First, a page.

7 June 2006 Member States must do more to assist the United Nations war crimes tribunals for Rwanda and the former Yugoslavia in bringing perpetrators to justice, the top legal officials from those bodies told the Security Council today, as they highlighted the progress made and challenges remaining to completing their work.
Carla Del Ponte, Prosecutor for the International Criminal Tribunal for the former Yugoslavia (ICTY), said that in particular cooperation by Serbia “has been and remains very difficult and frustrating,” adding she remains unconvinced that Serbia is ready to arrest Ratko Mladic who, along with Radovan Karadzic, has been indicted on genocide charges relating to the Balkan wars in the 1990s.
“I want to stress again before the Council that impunity for these two most serious architects of the crimes committed in Bosnia and Herzegovina, both accused of genocide, would represent a terrible blow not only to the success or failure of the Tribunal, but to the future of international justice as a whole.”
Ms. Del Ponte also called on the Republika Srpska within Bosnia and Herzegovina to “increase substantially its efforts to locate and arrest fugitives,” adding that the search for Mr. Karadzic “must intensify rapidly.”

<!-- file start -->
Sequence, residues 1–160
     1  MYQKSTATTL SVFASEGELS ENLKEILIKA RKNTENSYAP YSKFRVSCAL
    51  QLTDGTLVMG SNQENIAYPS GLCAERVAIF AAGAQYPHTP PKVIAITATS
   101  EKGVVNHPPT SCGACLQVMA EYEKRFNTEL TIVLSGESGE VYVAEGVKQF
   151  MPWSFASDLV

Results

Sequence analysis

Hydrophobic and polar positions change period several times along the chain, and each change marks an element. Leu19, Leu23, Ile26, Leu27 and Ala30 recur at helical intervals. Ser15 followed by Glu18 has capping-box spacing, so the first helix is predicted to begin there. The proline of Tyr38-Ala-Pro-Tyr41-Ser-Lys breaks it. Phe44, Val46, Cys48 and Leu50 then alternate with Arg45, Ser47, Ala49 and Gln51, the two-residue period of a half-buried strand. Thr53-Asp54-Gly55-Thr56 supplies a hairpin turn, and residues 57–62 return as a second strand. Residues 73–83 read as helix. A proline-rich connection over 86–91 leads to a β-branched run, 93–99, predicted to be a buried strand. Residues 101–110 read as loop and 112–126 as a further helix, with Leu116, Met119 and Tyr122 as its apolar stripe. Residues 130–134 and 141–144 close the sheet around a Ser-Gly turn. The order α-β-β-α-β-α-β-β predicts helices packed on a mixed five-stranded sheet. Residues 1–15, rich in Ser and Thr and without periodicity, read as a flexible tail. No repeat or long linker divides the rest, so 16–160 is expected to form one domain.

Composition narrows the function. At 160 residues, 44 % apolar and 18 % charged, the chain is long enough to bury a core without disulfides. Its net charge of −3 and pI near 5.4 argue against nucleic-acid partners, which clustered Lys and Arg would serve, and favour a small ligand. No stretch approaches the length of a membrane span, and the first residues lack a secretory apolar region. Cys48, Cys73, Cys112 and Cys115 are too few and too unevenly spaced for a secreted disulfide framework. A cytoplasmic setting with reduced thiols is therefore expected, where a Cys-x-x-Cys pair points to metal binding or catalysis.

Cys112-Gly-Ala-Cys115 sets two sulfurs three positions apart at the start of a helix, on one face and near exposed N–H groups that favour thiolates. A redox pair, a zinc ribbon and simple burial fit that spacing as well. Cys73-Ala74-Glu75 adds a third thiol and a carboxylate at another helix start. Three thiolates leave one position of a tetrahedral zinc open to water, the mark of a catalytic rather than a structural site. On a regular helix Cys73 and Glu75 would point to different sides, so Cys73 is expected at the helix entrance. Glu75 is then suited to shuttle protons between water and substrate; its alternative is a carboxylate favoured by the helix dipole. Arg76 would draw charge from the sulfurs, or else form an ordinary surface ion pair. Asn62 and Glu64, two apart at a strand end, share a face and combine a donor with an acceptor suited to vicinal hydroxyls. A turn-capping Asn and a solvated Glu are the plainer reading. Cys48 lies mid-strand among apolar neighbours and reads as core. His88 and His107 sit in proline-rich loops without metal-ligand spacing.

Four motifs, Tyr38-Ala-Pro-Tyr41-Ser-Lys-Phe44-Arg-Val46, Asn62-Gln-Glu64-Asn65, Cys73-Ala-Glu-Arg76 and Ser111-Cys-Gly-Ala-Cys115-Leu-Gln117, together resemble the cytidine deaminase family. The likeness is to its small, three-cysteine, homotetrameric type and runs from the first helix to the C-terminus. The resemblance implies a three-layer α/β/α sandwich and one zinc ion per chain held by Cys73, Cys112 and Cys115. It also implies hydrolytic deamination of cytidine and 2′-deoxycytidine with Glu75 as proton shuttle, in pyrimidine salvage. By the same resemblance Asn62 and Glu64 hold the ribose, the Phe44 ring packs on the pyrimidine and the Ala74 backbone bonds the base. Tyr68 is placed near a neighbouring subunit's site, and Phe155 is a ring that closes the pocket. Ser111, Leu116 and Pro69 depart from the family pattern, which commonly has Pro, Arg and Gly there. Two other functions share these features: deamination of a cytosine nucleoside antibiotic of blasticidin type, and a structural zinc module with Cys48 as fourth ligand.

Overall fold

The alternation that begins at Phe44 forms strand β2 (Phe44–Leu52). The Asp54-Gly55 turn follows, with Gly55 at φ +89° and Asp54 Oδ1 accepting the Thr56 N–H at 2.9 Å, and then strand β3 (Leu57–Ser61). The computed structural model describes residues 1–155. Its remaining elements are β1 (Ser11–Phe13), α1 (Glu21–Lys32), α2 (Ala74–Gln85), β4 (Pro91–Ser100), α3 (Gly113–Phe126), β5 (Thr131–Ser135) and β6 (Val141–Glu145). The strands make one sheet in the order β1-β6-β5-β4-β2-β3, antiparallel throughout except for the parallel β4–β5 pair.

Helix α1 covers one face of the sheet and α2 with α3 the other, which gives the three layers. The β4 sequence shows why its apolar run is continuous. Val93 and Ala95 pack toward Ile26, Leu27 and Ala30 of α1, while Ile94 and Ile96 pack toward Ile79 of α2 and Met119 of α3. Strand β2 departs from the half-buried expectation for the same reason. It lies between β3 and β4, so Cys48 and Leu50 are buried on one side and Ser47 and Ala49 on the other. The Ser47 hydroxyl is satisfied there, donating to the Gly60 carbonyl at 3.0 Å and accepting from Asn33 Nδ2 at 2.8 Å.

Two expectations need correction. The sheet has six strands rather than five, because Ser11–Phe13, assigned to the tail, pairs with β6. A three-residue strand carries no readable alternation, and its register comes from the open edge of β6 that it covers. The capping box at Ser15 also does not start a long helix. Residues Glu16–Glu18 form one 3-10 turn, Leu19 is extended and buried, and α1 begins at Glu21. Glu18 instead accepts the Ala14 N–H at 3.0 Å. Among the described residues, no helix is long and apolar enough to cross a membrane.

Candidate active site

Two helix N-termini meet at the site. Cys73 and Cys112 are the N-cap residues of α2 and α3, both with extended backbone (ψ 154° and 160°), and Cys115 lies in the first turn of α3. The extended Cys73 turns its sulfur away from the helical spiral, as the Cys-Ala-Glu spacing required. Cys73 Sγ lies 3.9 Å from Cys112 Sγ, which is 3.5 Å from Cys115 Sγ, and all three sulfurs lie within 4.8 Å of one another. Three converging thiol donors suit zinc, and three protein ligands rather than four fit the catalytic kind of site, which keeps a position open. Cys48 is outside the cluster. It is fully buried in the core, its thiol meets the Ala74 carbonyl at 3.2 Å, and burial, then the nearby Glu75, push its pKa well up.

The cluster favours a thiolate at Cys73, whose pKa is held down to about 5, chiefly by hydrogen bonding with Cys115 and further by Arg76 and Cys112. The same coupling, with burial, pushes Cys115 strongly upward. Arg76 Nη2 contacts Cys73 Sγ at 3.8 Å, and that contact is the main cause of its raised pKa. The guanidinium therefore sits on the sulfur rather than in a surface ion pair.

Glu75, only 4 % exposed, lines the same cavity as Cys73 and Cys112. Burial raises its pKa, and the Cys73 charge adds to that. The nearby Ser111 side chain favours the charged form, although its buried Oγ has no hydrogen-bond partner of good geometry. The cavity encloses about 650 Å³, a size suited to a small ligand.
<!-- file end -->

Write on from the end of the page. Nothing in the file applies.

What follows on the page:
As well as stressing the need for more cooperation from Member States, the Prosecutor said that another priority of her Office was to speed up its proceedings, something that was also highlighted in remarks to the Council made by ICTY President Judge Fausto Pocar.
Judge Pocar said that the trials would run into 2009 but whether they would finish by that date would depend on various factors, including the speed with which the “six remaining high-level fugitives are transferred to the jurisdiction of the International Tribunal.”
The top legal officials from the International Criminal Tribunal for Rwanda (ICTR) voiced similar concerns and priorities in their briefings to the Council, with Prosecutor Hassan B. Jallow highlighting the continuing “challenges in tracking and arresting the 18 indicted fugitives,” and in particular Felicien Kabuga who continues to reside in Kenya.
Mr. Kabuga was indicted for his role in the creation and management of a “hate” radio station and for helping to fund and arm the Interahamwe militias during the 1994 Rwandan genocide.
“In my meetings with the African NGOs (non-governmental organizations) in May 2006 some 60 NGOs signed a petition calling upon the Government of the Republic of Kenya to cooperate with the ICTR in tracking, arresting and transferring Felicien Kabuga to the custody of the ICTR,” Mr. Jallow said.
“We continue to emphasize the need for the cooperation of Member States to ensure the arrest of these fugitives and their eventual trial either at ICTR or in countries willing to accept cases on referral from the Tribunal. Unfortunately in the past six months we have not registered any arrest or transfer of a fugitive to the Tribunal.”
ICTR President Judge Erik Møse also stressed the “vital” need for cooperation from Member States in the Tribunal’s work but added that it remains on course to complete the trials of 65 to 70 persons by the end of 2008 as indicated in its Completion Strategy.